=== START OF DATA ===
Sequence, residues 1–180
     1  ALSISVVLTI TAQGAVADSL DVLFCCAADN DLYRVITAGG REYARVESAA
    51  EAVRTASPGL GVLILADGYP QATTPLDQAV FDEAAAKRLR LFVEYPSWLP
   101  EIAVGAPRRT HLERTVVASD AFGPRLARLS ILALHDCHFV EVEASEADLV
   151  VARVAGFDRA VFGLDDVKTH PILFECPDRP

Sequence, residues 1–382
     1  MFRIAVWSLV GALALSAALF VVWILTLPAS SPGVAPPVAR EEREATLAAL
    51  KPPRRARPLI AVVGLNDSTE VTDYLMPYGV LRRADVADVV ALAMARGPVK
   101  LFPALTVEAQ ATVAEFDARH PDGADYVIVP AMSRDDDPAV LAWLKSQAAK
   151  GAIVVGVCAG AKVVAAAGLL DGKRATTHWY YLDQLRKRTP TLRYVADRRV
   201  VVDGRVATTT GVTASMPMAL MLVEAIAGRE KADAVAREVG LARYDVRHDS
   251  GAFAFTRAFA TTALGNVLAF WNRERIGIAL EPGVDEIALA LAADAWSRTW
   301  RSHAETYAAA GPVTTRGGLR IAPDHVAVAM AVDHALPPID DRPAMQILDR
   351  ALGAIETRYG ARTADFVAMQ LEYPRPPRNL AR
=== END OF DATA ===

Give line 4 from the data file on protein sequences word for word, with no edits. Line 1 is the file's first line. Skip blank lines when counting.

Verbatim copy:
   101  EIAVGAPRRT HLERTVVASD AFGPRLARLS ILALHDCHFV EVEASEADLV